How do you make sure they're accountable, well, that'll be defined by what you and the marketing person agree is your metric for success. Is it sales? Target market penetration? Site Traffic? Word of Mouth/google trends? All of these goals will be treated differently through the eyes of the marketing person, and you need to make sure which one you want. There are strengths and weaknesses to all of them.
If you're concerned about bringing in non-performers, then do NOT enter in a "partnership" with them. Hire them outright. That way you can fire them if they don't meet the agreed upon metrics. Trust me, there are many, many charlatans out there who will gladly take your money and give you next to nothing in return. Conversely, one failed campaign is not an indicator of non-performance. It may take a few stabs to figure out what it takes to make people want to buy your product, but consistent underperformance is the sign of bad marketing. Or a bad product.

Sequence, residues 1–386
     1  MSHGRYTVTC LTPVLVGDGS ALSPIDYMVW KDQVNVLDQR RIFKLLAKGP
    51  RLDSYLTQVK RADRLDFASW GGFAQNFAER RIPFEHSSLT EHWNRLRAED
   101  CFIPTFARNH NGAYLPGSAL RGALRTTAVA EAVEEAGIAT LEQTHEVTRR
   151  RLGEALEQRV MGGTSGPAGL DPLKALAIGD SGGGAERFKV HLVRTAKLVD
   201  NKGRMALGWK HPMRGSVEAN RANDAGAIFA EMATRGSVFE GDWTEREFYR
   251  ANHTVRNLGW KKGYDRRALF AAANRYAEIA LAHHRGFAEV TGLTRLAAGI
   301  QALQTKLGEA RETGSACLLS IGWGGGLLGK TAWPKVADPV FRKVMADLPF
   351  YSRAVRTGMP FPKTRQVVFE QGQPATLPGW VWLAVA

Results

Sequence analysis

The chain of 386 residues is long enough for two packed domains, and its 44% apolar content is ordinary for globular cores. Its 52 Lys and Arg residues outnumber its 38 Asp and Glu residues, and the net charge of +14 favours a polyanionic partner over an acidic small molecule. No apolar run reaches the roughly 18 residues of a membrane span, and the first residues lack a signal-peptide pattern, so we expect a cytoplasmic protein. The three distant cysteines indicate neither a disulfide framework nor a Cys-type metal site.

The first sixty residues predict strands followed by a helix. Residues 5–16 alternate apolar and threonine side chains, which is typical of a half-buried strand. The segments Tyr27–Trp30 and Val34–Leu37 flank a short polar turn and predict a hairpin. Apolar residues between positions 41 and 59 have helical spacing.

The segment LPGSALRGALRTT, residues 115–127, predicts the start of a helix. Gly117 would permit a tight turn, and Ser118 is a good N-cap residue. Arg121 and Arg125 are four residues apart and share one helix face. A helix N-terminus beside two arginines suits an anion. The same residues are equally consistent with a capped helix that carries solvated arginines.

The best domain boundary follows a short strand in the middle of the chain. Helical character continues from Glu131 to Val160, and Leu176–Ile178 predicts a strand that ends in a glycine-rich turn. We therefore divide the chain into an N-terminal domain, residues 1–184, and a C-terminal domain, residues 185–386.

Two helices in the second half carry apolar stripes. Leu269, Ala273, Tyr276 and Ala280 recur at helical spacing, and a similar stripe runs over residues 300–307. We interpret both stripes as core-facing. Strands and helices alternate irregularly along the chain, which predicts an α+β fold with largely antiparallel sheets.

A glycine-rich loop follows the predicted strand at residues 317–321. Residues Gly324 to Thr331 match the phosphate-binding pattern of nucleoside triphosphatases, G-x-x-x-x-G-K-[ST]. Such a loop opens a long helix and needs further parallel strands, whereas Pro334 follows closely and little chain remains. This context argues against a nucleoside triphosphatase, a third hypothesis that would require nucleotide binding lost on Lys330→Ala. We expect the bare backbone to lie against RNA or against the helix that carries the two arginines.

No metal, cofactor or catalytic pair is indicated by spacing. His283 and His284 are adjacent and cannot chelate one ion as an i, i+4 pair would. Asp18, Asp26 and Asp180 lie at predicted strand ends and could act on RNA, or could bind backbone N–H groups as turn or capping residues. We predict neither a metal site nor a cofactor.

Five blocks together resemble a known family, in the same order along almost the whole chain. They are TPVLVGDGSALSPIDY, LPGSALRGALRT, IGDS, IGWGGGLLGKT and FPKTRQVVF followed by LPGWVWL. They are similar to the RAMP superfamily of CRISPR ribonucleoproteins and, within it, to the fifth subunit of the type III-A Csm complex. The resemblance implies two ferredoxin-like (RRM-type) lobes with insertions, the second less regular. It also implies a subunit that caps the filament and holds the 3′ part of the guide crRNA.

You cannot discount the idea that you may have a bad product. And nothing, and I mean nothing, will kill a bad product faster than great marketing. Once you get people's interest, you had better have a product that lives up to the marketing promise or word of mouth will sink you faster than the Titanic. Seriously, take a page out of Apple's marketing book: Underpromise, overdeliver. You don't have to overdeliver by much, but over deliver.
There's a lot more, but that should be enough to get you started.
And made Microsoft nice stack of money in the process.
The "argument" is not "pointless". Ones and zeros have almost no value. They are reproducible, infinitely, for free. But, you want to charge me a dollar just to use one particular combination of ones and zeros?